THIS summer's good weather has generated increased dolphin sightings in North Devon, but marine organisations and the police have warned too much human interaction can be detrimental to the animals.
Those who have enjoyed boat trips and tours along the coast particularly in Ilfracombe have had the opportunity to be joined by dolphins, one of whom has been named Dave the dolphin.
Dave's dedicated Facebook page is now at 1,039 "likes", with people posting photos of their lucky encounters with dolphins.
It has been a wonderful experience for those visiting North Devon to see the dolphins leaping out of the water, but Wildlife Crime Officer PC Martin Beck hopes to raise people's awareness on protecting our marine life.
He said: "With such a strong emotional connection to dolphins from fictional films such as Flipper, it is hard not to want to have a close encounter.
"I support our tourist industry and the recent marine activity has reminded us of the amazing place we live in, but after receiving several reports of potentially harmful activity, I need to remind people that dolphins are protected by law as a European protected species.
"They can be harmed by human contact.
"Disturbance to European protected species is a criminal offence so recreational activities including sailing boats, motor boats, and personal watercraft such as jet skis are a real concern and threat near these animals.
"Only last month a young bottlenose dolphin was found dead in Cornwall's Camel estuary and is suspected to have fallen foul of recreational watercraft.
"Let us enjoy their company but let's keep them safe and us safe in doing so."
The WiSe Scheme is an organisation for commercial marine wildlife watching, and aims to protect marine wildlife, while encouraging the positive and caring attitudes people have towards marine life.
Colin Speedie, the founder and director of the scheme has some valuable tips on how to ensure a positive experience for all involved when interacting with dolphins.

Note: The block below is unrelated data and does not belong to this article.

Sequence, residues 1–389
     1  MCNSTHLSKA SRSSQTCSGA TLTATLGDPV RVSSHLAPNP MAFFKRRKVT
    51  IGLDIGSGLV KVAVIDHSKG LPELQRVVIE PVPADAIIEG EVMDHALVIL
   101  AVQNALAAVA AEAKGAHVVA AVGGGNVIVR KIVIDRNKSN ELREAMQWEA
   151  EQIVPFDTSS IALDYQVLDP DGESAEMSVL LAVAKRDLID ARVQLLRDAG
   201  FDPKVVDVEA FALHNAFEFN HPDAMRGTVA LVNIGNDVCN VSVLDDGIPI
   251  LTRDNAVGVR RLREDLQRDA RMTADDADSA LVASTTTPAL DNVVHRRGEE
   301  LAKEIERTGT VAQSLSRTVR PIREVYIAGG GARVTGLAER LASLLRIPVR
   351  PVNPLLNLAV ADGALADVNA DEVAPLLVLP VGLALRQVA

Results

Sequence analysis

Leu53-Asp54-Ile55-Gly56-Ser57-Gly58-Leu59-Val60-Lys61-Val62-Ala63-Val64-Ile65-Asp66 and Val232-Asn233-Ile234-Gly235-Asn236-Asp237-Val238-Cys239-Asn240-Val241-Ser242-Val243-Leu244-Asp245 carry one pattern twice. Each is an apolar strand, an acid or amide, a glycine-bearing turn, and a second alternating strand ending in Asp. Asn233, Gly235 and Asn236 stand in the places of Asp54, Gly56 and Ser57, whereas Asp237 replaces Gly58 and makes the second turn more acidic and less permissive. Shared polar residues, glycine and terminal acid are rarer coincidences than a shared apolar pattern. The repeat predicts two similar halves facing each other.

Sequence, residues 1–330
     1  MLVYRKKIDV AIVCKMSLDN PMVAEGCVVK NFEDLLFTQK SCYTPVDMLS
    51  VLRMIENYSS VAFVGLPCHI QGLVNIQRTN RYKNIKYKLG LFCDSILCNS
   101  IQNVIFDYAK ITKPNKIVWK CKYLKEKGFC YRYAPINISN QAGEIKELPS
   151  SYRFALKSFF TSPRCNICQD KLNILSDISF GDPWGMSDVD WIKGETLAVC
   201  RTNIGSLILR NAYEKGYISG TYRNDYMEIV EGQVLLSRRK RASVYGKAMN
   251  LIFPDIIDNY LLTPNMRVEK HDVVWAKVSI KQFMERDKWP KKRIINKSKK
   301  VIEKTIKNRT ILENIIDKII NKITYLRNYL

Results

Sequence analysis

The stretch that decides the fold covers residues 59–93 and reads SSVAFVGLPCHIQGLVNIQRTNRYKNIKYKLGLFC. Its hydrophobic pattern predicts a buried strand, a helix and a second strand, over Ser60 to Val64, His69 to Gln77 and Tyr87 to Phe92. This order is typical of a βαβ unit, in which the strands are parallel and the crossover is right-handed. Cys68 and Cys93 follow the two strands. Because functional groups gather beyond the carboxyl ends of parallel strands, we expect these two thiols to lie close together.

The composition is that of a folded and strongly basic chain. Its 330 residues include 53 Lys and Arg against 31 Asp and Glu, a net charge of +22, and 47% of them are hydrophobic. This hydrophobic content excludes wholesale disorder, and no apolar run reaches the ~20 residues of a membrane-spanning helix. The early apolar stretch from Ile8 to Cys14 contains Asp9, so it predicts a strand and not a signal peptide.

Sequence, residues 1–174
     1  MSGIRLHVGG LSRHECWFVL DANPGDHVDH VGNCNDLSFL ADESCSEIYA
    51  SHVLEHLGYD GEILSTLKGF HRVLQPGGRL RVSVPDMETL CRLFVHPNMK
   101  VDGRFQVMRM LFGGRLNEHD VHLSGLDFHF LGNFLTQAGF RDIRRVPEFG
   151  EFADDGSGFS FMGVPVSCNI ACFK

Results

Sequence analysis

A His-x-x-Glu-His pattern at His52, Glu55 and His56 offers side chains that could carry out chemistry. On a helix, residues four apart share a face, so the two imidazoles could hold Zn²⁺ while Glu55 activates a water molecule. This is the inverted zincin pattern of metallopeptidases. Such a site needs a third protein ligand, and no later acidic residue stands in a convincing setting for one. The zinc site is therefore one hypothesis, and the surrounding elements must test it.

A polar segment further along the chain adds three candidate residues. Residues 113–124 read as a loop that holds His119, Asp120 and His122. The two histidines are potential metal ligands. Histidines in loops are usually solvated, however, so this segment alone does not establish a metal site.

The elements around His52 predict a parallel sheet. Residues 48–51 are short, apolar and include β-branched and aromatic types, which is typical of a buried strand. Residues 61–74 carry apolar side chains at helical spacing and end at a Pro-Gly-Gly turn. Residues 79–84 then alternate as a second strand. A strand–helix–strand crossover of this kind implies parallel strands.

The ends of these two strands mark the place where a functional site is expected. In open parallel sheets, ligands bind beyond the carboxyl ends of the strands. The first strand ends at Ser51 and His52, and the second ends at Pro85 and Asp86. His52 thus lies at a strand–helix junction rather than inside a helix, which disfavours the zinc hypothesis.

He said: "There are a few main points to remember when in the presence of dolphins.
"If a dolphin approaches your vessel, maintain a steady speed and do not veer off course as this could confuse dolphins and cause them to panic.
"If there are already three vessels present, please do not join in as too many boats will frighten and confuse the dolphins.
"Be particularly careful when in the presence of a dolphin and her calf, as they are very maternal. Interacting with a dolphin and her young could cause disruption to the mother-calf bond.
"Once you have encountered a dolphin, do not stay with them for longer than 15 minutes, and try to make sure that your boat is no closer than 100 metres."
This year has seen an exceptional summer, with the good weather encouraging people to flock to the coast to see our beloved dolphins.
Joanne Woodward has been spending quality time with Dave the dolphin in Combe Martin.
She said: "I've been kayaking nearly every other day to go out and see Dave the dolphin.
"Dolphins are such amazing creatures, and it is great to see them in the water in North Devon. This is such a privilege.
"These last few weeks have been wonderful, I'm really passionate about kayaking and seeing the dolphins, people have been calling me the dolphin stalker.
"I went out kayaking with my husband and child, and Dave the dolphin was around us for hours. He was putting on a show and seemed really excited.
"I have noticed that some jet skis can get a bit too close, they forget they have motors and this can be disruptive. It's a shame to spoil the time we have with these lovely creatures.
"The last thing we want to see is for Dave the dolphin to get hurt by a jet ski or a speed boat. I'd be devastated if something happened to him."
For further information on responsible wildlife-watching from the WiSe scheme, visit www.wisescheme.org.